Just hours after the first domestic case of Ebola resulted in a fatality, a second possible victim of the disease was hospitalized in Dallas. The first victim, Thomas Eric Duncan, died shortly after 8:00 A.M. Wednesday morning. Duncan, who was visiting from Liberia, was diagnosed with Ebola after arriving in Texas.
Following his death, Mayor Mike Rawlings offered condolences to Duncan’s family and also assured the city that officials were acting to “stop Ebola in its tracks.” This reassurance came in spite of the fact that Duncan was not hospitalized until two days after he originally sought help for the disease — and in spite of the fact that it took days after that for officials to decontaminate his apartment.
It was far from reassuring when Sgt. Michael Monnig of the Dallas County Sheriff’s Department was hospitalized on Wednesday afternoon, after showing some symptoms of Ebola. Monnig is reportedly not showing “all” the symptoms of the disease, but has been quarantined until it can be determined if that is, indeed, what he’s suffering from. The process could take up to 48 hours.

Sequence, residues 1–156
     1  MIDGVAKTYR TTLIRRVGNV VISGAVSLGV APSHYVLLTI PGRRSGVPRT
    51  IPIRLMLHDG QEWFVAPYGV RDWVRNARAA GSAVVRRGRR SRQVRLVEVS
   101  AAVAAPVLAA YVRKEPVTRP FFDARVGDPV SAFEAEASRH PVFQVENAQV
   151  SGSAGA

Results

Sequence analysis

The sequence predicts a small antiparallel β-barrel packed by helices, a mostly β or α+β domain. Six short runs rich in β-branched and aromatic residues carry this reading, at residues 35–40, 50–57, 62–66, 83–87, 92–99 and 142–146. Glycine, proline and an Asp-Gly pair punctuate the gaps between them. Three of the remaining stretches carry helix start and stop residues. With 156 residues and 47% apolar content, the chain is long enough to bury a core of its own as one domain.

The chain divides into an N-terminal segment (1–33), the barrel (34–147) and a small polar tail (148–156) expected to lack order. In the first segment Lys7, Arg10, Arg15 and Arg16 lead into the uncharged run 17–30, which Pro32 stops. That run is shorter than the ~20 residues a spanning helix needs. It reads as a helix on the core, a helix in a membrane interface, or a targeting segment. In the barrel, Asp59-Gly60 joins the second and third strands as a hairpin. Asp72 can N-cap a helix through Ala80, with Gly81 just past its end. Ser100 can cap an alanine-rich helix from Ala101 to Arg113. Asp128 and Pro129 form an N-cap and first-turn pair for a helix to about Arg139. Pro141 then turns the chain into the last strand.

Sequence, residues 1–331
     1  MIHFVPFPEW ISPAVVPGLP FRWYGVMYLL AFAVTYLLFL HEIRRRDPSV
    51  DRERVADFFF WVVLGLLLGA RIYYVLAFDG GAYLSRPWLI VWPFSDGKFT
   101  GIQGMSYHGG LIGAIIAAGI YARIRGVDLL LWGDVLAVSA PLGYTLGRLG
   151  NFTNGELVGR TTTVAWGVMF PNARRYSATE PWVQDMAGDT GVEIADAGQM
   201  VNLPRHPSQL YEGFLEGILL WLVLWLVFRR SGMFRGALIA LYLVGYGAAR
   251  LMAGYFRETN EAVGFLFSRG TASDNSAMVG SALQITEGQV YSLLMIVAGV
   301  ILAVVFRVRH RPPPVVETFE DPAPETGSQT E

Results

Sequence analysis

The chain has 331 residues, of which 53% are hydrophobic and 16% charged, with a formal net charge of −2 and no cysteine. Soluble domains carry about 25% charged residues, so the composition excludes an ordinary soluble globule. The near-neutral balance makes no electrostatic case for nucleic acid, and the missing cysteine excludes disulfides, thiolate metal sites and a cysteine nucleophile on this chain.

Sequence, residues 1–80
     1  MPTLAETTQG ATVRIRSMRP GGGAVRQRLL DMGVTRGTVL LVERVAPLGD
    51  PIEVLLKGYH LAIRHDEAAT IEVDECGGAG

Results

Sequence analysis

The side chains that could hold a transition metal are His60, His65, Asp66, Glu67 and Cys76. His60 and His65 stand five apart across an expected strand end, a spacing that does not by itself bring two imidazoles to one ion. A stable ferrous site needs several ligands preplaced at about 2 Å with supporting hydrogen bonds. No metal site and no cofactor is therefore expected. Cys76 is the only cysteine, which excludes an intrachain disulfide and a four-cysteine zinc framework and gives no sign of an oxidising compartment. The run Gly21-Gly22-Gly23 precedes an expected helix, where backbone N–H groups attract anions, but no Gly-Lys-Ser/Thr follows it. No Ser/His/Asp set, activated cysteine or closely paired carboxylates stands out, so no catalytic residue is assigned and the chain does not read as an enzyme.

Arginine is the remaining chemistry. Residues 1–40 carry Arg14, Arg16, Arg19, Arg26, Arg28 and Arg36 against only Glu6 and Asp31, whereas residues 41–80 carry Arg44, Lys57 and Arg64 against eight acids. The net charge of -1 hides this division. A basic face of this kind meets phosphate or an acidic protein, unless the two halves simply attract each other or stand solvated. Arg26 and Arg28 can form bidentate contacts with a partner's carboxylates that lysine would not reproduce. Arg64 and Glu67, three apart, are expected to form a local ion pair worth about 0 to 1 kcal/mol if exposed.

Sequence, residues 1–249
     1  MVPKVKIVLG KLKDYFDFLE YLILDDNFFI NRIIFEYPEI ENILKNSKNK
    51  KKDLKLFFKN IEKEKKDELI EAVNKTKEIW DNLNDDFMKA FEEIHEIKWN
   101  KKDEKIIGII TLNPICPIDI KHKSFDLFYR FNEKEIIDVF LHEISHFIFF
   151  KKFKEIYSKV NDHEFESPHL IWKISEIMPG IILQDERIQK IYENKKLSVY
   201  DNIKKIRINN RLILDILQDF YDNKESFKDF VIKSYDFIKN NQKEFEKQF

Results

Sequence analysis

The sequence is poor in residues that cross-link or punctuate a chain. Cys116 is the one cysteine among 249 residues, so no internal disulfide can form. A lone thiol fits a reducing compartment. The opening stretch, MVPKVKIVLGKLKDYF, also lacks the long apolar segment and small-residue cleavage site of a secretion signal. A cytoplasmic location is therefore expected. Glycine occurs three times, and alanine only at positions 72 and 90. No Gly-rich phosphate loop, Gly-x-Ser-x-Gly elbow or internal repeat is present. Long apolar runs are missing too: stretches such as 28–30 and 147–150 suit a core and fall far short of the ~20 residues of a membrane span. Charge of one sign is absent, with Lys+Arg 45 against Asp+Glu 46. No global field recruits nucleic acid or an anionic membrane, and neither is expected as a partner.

Why wasn’t Monnig monitored by the CDC?
What makes this development especially alarming is the fact that Monnig was not on the list of 48 people that the Centers for Disease Control and Prevention have been monitoring for symptoms after possible exposure to Mr. Duncan. According to Dr. Matt Richardson of the Denton County Health Department, Monnig didn’t have direct contact with Duncan.
Without personal contact,
“public health officials collectively see no risk of Ebola to the general public regarding this person, his family or any facility at this time.”
However, Monnig was inside Duncan’s apartment before it was decontaminated, along with two county health officials. Their mission was to get the family to sign a quarantine order. None of the officials wore protective gear while inside the residence.
On Wednesday morning, Sgt. Monnig sought help from an urgent care facility in Frisco,Texas. After examining him, the medical staff called 911 and asked paramedics to take the patient to Texas Health Presbyterian Hospital in Dallas. The subsequent statement by Frisco Fire Chief Mark Piland was also less than reassuring. While he repeated that the deputy was showing some, but not ‘all’, of the symptoms of Ebola, he also said that he was still trying to figure out how to decontaminate his paramedics and their gear. According to Piland:
We have calls in to the Centers for Disease Control. We’re also working with our public health officials here in Denton County. We’re going to get their recommendations on the proper decontamination procedures for the ambulances.
‘Going to get’? With Ebola having been a main headline out of Dallas for nearly two weeks, and with officials falling all over themselves to convince the public that there is little likelihood of catching it, why haven’t safety protocols been gotten?
Save your words, Mayor Rawlings. It’s action that produces trust — and Dallas is falling short.
Here is local coverage from WFAA 8: